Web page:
Academic journal article Journal of Economics and Economic Education Research

Assessing Economic Understanding in the Early Grades

Academic journal article Journal of Economics and Economic Education Research

Assessing Economic Understanding in the Early Grades

Article excerpt

INTRODUCTION

In contemporary society, it is becoming increasingly important for students to have a working understanding of the economic principles guiding the market. More often than not, educational institutions tend to focus economic teachings on secondary school students, who are closer to entering the market as independent consumers and/or producers. However, the foundation for an understanding in economics should begin much earlier than this; specifically the basic principles of economics should be implemented into curriculum for students as young as kindergarten. By introducing economics in these very early grades, students will be able to build on the principles they learn throughout their school years and more readily identify with these principles in their own experiences outside the classroom. However, educating elementary students in economics is not the norm; rather it is often ignored for many reasons, including a perceived lack of need for economic education, time constraints in the classroom, and inadequacy of teachers in the field.

Why is economic in the early years needed? According to Mark C. Schug, editor of Economics in the School Curriculum, teaching economics is laying the foundation for learning which policies are best, which economic alternative should be accepted, and for understanding the possible consequences of the resulting action (Schug, p. 21). Economics plays a direct role in our everyday lives, for we act as both consumers and producers; furthermore, it has great influences on local, state, and federal policy (Voluntary National Content Standards, Introduction). In our economy, where so much depends on the votes of the citizens in regards to economic policy, it is of major importance that voters be educated so they can make intelligent voting decisions (Schug, p. 32). Therefore, a better understanding of economic principles will benefit our democratic society, for "a democratic market economy" works better when its inhabitants are more knowledgeable in the area of economics (Voluntary National Content Standards in Economics, Introduction). It is an education which should begin in elementary school.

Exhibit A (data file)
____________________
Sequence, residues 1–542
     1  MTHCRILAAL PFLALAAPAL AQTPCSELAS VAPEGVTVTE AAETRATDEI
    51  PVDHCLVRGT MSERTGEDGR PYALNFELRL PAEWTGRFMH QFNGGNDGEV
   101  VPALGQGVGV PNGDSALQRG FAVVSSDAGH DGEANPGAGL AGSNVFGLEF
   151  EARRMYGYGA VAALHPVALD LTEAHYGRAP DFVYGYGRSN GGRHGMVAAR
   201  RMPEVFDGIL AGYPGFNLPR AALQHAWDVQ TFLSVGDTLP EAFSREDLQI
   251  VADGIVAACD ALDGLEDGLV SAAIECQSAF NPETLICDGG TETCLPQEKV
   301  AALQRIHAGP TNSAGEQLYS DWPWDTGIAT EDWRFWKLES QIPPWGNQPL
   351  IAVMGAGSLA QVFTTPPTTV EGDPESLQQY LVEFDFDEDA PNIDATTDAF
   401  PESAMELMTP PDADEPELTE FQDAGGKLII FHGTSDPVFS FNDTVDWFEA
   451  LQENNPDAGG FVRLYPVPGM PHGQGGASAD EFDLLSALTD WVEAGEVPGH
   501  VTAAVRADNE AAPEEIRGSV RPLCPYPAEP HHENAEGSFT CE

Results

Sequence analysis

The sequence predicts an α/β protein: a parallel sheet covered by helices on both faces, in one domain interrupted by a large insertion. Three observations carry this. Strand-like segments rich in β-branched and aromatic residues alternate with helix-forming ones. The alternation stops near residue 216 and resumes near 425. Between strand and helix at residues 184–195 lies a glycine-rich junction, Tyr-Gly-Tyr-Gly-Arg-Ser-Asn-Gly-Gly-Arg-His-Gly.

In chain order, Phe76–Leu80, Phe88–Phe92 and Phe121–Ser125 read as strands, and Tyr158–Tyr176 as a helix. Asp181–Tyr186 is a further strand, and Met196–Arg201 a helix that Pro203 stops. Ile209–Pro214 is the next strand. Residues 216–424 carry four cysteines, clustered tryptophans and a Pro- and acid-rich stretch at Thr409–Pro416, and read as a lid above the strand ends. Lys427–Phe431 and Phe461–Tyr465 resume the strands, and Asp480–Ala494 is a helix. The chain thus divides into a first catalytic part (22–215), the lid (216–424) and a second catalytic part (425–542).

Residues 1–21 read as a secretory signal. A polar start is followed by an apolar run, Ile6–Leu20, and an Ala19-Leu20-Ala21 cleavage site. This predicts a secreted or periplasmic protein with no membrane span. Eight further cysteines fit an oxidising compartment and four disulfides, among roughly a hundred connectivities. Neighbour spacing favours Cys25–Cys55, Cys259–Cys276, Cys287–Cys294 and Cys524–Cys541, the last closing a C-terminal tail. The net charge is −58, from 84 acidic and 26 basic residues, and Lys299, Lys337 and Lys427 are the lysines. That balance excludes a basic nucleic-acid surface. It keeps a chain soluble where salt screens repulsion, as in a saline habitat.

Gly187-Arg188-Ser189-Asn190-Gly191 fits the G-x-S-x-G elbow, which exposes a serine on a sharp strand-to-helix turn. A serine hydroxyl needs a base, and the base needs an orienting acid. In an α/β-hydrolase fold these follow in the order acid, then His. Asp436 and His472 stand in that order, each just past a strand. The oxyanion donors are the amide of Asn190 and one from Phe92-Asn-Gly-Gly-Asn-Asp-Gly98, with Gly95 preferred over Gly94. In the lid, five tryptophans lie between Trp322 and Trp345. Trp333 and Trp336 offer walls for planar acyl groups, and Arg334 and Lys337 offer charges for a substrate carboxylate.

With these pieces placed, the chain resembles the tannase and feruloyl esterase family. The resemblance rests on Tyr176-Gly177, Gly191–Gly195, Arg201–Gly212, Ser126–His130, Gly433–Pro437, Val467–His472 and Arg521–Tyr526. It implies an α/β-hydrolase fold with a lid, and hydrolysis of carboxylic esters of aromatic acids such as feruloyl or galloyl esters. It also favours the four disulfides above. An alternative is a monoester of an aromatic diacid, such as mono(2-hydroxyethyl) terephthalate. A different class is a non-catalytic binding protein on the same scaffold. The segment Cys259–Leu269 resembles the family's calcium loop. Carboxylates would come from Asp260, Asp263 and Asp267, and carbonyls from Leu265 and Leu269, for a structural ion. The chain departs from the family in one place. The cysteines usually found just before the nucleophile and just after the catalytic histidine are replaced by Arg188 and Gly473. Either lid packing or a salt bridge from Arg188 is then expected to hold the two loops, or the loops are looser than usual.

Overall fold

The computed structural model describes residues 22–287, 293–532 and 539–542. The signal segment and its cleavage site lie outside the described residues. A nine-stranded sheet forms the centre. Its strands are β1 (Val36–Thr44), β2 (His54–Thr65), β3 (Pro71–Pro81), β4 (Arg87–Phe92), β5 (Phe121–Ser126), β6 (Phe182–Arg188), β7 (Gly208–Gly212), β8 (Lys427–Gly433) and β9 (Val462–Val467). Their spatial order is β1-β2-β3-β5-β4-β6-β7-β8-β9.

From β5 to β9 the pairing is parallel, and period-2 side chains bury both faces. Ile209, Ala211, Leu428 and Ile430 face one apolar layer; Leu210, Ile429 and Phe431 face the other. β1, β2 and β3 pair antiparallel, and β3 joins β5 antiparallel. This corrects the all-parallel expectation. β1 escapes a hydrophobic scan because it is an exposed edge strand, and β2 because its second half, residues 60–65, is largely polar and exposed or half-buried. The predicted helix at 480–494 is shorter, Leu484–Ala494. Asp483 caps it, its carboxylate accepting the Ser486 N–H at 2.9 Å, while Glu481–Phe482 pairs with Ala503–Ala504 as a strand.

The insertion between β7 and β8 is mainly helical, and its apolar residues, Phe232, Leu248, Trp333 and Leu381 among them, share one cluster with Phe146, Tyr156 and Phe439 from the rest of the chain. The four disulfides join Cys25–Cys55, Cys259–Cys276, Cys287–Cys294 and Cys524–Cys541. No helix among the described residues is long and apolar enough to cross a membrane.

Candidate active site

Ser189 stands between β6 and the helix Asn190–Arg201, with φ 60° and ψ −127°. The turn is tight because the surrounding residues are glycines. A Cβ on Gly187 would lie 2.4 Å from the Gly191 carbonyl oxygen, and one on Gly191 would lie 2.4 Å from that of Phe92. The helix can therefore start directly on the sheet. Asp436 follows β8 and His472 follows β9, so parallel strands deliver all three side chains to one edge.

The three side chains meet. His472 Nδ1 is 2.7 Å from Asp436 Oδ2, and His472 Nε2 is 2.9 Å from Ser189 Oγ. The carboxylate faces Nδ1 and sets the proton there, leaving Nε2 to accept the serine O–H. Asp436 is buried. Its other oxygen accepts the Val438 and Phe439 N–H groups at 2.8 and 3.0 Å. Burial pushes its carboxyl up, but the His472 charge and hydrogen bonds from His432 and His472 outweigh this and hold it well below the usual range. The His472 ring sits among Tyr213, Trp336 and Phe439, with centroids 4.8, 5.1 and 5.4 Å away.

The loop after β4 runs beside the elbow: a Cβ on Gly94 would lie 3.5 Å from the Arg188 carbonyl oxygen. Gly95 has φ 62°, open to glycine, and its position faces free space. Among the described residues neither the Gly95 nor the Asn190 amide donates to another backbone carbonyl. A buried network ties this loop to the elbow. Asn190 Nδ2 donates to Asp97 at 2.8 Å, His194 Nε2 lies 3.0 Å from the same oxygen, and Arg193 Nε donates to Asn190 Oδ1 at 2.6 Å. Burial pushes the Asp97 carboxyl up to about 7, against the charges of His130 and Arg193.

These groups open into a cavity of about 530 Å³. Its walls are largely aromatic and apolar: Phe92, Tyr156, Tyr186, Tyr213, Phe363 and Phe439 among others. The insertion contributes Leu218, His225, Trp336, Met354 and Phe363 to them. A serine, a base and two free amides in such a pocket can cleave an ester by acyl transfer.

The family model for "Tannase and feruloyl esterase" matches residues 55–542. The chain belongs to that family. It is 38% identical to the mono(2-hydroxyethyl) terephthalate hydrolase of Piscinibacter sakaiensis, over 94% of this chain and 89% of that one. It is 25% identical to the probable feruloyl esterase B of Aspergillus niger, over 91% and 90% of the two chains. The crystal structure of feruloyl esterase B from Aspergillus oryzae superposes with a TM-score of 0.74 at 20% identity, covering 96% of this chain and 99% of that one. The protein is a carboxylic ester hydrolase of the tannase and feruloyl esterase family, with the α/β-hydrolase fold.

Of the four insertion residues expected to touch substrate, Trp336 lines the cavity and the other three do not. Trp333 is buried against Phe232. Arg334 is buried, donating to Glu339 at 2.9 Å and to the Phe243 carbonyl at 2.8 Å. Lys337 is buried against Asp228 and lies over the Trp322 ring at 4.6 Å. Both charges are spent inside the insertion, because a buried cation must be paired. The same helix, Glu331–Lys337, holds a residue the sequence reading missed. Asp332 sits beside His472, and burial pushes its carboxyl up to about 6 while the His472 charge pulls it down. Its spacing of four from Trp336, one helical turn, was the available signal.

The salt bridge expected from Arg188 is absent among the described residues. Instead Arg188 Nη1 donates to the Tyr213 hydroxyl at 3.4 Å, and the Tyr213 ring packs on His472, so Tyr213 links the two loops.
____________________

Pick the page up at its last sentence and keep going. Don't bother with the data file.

The reasons for economic education beginning as early as kindergarten seem very apparent. The argument for early childhood economic education is summarized in a statement made by William L. Goodwin and Laura A Driscoll in their book Handbook for Measurement and Evaluation in Early Childhood Education, where they speak of the early years of childhood as "the foundation for later competence and development" (Goodwin & Driscoll, p. 3). Why then is this type of education more often than not overlooked when teachers are planning their curriculum? There are two main reasons for neglecting to convey very valuable economic lessons to students.

The first of these concerns time. Teachers often find themselves constrained by time in the classroom, because they think their main responsibility lies in the teaching of those basic traditional subjects that are required, whereas economics is not. For example, according to Schug, elementary teachers generally spend about twenty minutes a day on social studies courses, with only one-fifth of this time devoted to economic principles. This translates into a mere twenty-five minutes a week (Schug, p. 15). This is simply not enough time to convey economic principles effectively.

Secondly, teachers suffer from an inadequacy when it comes to the area of economics. Data show that about fifty percent of elementary educators have no background in economics, and only twenty-five percent have had just one course in the subject. Therefore, most teachers interviewed in the survey said they experience a severe lack of confidence in their abilities to teach economics well (Schug, p. 10).

The National Council on Economic Education has taken great strides to change this trend. The Council has developed several elementary school publications which are designed to aid teachers in implementing economics education in the classroom. …

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